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New Technology Brings Offshoring to Villages

The Xerox CTO describes research that allows manufacturing and office workers to avoid commuting to traffic-choked Indian cities.
August 23, 2011

The next decade will bring remarkable changes in the way office work is done. Perhaps nowhere will change be more profound than in countries such as India, where improved network access and smart technologies could make it possible for certain tasks to be divided among people working in rural areas and other places outside major city centers.

Xerox is one of many companies researching this trend and developing the technologies that will pave the way. CTO Sophie Vandebroek described some of the efforts of the company’s two-year-old Xerox Research Center in India with Technology Review’s chief correspondent, David Talbot.

TR: Offshoring is already a big business in India. What’s coming?

Vandebroek: India today has large office buildings where you might find 3,000 people coming to a crowded urban area to perform tasks like document management or to staff a customer-call center. They have low incomes and sometimes commute for hours. It is better to spread that work into the villages—better for business efficiency, for sustainability, and for improving the health and happiness of the employees and their families.

Xerox employs ethnographers to study such problems. What’s an example of what they’ve discovered?

One involves distributed manufacturing. In Chennai we studied a mass-producer of baskets and other woven goods. A rural coördinator would go around all week to the villages where the products were made, and on weekends he would enter production data into an Excel spreadsheet back in Chennai. He needed a way of entering and accessing data with his mobile phone in real time.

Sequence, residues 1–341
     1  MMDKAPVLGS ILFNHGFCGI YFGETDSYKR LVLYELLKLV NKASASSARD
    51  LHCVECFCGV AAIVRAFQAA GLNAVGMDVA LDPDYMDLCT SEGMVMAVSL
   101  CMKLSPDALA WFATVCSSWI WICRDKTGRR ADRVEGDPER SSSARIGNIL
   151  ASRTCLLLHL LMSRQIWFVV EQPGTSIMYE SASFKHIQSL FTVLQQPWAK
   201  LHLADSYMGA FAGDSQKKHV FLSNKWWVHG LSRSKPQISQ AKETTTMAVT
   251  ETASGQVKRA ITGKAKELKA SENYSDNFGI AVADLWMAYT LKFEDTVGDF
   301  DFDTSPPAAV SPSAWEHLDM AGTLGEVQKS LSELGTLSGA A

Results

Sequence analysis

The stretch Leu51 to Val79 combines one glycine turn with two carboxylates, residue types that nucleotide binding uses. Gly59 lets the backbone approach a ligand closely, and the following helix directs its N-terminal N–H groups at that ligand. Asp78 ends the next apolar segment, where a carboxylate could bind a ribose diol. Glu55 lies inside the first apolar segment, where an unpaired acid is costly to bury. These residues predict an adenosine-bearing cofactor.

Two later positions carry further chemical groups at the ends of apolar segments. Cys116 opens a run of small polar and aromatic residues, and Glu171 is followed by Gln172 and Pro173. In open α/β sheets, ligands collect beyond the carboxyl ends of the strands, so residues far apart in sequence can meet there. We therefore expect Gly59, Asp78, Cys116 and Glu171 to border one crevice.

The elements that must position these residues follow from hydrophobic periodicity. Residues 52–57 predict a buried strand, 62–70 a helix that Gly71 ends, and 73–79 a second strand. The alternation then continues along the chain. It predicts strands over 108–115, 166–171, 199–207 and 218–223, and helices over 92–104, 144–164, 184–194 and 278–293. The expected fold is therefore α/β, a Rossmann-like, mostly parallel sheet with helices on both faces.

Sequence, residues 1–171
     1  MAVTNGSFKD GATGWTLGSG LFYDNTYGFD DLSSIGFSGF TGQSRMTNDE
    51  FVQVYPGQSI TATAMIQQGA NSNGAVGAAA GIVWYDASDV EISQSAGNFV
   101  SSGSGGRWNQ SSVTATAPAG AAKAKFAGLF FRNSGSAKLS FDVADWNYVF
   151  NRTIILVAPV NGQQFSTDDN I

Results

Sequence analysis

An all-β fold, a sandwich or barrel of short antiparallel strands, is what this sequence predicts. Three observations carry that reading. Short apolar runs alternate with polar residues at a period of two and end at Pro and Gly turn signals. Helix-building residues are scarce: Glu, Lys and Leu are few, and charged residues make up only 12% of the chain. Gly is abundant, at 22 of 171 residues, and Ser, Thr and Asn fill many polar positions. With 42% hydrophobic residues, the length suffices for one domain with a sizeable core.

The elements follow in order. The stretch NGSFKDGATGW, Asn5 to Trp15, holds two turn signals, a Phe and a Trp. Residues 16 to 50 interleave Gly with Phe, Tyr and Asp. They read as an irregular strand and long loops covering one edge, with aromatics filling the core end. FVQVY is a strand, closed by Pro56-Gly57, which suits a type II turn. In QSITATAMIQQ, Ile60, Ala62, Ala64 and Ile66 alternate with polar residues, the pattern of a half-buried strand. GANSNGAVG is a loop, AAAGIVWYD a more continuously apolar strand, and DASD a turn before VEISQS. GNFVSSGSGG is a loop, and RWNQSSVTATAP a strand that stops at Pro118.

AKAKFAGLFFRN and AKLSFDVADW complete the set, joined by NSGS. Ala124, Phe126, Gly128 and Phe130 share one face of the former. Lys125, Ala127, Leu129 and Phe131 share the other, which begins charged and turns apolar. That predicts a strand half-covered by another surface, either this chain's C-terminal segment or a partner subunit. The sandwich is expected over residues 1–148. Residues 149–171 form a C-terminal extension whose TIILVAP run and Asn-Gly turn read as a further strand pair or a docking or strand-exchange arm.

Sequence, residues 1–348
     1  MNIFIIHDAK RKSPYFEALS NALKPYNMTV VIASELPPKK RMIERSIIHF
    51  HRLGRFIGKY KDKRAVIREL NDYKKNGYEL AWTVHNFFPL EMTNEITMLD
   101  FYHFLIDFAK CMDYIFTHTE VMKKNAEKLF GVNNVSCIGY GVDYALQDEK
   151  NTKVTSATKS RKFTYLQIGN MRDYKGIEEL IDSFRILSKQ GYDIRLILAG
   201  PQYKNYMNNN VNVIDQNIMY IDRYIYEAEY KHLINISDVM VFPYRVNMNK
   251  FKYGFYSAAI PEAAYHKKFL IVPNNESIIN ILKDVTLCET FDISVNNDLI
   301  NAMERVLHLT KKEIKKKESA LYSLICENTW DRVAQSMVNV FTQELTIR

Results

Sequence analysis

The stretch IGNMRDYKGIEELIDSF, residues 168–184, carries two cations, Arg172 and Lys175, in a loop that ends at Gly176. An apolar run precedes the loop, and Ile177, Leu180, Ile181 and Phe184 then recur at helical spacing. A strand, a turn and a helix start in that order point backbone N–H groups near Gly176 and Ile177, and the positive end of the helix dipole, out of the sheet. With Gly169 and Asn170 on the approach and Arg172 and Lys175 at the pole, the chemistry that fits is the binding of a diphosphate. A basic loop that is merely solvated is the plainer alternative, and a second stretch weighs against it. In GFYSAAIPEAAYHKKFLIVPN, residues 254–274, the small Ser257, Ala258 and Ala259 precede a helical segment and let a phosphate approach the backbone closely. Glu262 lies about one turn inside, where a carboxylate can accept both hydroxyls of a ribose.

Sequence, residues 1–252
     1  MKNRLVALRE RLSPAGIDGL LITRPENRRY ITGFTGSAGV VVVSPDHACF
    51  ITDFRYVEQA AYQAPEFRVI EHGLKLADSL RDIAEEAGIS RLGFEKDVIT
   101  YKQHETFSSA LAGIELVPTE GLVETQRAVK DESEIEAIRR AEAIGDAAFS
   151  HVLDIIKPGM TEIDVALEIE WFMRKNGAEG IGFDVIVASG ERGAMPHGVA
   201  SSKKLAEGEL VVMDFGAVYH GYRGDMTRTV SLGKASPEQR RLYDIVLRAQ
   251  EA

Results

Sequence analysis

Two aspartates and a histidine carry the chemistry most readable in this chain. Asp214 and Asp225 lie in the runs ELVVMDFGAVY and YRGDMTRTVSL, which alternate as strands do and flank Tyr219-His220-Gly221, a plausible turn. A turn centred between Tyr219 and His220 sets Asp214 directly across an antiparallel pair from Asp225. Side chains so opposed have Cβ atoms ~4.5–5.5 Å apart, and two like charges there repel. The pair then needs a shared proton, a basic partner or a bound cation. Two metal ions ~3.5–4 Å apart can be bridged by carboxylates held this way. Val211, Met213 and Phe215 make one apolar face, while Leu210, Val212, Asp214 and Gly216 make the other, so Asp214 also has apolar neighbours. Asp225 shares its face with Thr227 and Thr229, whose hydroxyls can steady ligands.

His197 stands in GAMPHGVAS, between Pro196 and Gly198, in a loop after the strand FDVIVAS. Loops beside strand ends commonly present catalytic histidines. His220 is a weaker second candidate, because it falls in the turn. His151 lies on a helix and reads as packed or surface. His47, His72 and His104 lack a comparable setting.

Such technology doesn’t exist already?

If you are somewhere with sufficient bandwidth and a smart phone, you can access databases and even enterprise resource management systems. Innovation in the developing world is often about doing more with less—in this case doing specific things with less bandwidth on more phones. The new tool enabled access to only the specific real-time data he needed, which had been entered in Chennai.

Are such innovations applicable outside the developing world?

If you can do things in a simpler and more efficient way, it’s always good. In the medical field, for example, there is a lot of innovation on low-cost devices that nurses can use in villages. Similar low-cost technologies could be used by people in the developed world to report their own medical information from their homes.

How can you break up the tasks of those massive offshoring centers and do it in villages, especially if the work involves sensitive financial or health information?

You need to do it securely, and in a way that can withstand breakdowns in village power and cellular or Internet connections. We are in the middle of crafting the solutions. For example, if the job involves managing your health-care payments—900 million health-insurance payments are processed by Xerox every year—we make sure we split the job, so that no one person knows your name, your medical condition, and your Social Security number.

How soon can such office solutions be widely implemented—and what’s the ultimate vision?

My hope and goal is that this works and is scalable. We are initiating a pilot with one of the startups in the Indian Institute of Technology Madras’s Rural Technology and Business Incubator. If it is successful, the future of work in India and in all developing nations will be radically different. It will allow people to make a living in their village and create a more socially and environmentally sustainable world.

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